Local firm Studio Noju has updated a two-storey Madrid apartment within the Torres Blancas high-rise with a renovation that remains “in constant dialogue” with the original apartment design.
Designed in 1961 by architect Francisco Javier Sáenz de Oíz, Torres Blancas is a 71-metre-high exposed concrete tower featuring cylindrical shapes that create bulbous balconies on its facade and curved rooms inside.
Studio Noju overhauled the 1040 unit – the brutalist building’s biggest apartment – to balance its history with contemporary design details, according to the firm.
“Our interior design proposal for the apartment takes inspiration from the original ideas that the architect came up with for the building,” studio co-founder Antonio Mora told Dezeen.
A key part of the project involved expanding the apartment’s exterior area on the first floor from 15 to almost 80 square metres to create the amount of outdoor space that existed before multiple past renovations of the tower.
This expansion added terraces that are characterised by curved floor-to-ceiling glazing and slatted crimson shutters. These open onto gleaming green ceramic tiles that take cues from 1960s interiors and form built-in benches, fountains and planters that follow the terraces’ meandering contours.
“The outdoor spaces have been once again consolidated into a continuous terrace that follows the outline of the original plan,” explained Mora, who set up Studio Noju with Eduardo Tazón in 2020.
“There is a constant dialogue between many of the solutions we have proposed in the interior design of the apartment with those proposed more than 50 years ago by Sáenz de Oiza.”
Visitors enter the apartment at a semi-circular foyer featuring Segovia black slate and wine-red panelling – the same materials used in the building’s communal areas.
The open-plan ground floor is interrupted by snaking white structural walls, such as a partition in the living room that features repetitive circular openings.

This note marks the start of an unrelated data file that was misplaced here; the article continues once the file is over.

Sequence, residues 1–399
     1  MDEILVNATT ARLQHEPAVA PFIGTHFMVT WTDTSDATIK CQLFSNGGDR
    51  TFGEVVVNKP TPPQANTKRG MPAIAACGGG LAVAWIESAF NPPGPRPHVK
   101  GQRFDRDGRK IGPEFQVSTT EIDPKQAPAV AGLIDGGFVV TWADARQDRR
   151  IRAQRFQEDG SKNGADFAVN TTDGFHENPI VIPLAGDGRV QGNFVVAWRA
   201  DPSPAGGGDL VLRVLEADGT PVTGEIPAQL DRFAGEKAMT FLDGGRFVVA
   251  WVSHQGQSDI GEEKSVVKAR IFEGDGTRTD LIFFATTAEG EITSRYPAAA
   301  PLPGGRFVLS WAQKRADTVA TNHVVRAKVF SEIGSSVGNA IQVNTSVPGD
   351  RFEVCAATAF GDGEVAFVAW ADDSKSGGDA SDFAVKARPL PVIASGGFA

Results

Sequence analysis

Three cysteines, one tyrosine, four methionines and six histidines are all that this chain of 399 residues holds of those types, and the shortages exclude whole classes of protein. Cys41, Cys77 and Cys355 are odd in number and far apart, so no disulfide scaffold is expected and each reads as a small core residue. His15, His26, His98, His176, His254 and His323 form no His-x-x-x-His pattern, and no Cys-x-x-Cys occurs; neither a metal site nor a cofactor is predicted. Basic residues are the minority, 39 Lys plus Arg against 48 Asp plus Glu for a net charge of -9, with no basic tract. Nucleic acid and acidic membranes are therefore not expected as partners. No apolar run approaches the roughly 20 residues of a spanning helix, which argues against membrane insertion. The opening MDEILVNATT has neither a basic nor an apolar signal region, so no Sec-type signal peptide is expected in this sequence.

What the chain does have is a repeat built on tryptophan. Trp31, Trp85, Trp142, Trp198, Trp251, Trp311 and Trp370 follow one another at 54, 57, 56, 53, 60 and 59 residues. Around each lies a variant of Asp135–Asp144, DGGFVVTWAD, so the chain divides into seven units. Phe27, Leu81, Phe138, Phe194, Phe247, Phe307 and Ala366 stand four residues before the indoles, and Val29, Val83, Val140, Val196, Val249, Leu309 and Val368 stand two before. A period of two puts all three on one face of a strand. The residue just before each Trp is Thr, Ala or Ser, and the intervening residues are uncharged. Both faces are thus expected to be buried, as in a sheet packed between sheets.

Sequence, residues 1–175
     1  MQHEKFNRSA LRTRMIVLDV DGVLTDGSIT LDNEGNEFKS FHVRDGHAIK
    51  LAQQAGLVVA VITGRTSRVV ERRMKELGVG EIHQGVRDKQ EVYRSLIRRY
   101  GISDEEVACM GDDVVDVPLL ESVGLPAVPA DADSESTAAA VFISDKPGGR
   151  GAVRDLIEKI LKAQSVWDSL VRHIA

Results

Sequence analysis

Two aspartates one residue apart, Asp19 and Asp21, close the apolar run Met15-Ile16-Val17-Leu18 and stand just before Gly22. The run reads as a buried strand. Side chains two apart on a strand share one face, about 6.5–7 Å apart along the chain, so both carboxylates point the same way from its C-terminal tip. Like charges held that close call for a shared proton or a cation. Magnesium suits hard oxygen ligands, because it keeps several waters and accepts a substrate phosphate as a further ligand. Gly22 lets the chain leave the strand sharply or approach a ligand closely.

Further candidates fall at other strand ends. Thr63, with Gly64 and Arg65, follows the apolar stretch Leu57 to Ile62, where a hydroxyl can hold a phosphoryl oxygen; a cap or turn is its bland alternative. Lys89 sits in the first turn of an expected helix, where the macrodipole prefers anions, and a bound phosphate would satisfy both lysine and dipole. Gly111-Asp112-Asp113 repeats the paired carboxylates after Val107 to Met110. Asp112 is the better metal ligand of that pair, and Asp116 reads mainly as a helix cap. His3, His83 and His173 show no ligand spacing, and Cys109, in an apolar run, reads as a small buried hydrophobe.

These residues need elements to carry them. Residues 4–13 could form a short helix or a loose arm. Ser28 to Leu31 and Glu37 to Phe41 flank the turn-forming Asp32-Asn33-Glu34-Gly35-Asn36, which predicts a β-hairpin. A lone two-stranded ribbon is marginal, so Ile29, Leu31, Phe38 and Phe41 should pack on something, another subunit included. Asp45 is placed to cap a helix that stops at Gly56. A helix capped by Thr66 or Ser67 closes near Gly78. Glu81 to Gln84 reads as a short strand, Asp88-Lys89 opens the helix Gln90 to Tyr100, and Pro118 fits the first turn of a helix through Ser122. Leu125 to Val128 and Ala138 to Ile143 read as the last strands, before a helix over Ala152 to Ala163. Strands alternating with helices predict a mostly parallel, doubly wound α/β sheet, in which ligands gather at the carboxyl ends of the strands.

A continuous custom-made countertop with a subtle green hue forms the kitchen area, which includes a statement bulbous sink that echoes Torres Blancas’ cylindrical facade.
Light reflects from the original glass-brick tinted windows and illuminates the smooth resin floor and metallic wall accents.
White geometric treads create a floating staircase with an original polished brass banister that leads to the first floor. Upstairs, a sequence of bedrooms is characterised by oak ceilings that contrast with the bright white ceilings on the ground floor.
Each bathroom is playfully colour-coded with individual mosaics of bright tiles, complete with sconce lights, mirrors and cabinetry that follow the rounded shapes found throughout the apartment.
“The [mosaic] material allowed us to solve all the elements of the bathroom such as shower areas, vanities, walls and floors, referencing a similar material strategy used in the original design,” said Mora.
Adjacent to the main bedroom, the first-floor terrace includes a large green tile-clad outdoor bathtub cloaked in a sheer curtain, which is flanked by plants that were positioned to absorb the water produced by bathing.
“The element that we are most proud of is the feeling of a house-patio that has been recovered in the apartment,” reflected Mora.
“The unit once again revolves around the exterior spaces, and these seem to blend with the interior through the curved traces of green tiles that enter and exit the living room and dining area,” added the architect.
“Our biggest challenge was striking a balance between honouring the building, but at the same time imbuing the interior design with our language.”
Studio Noju showcased a similar colourful style in its debut project, which involved the renovation of an open-plan Seville apartment.
Torres Blancas was among the buildings captured by photographer Roberto Conte in his series of brutalist buildings in Madrid.
The photography is by José Hevia.
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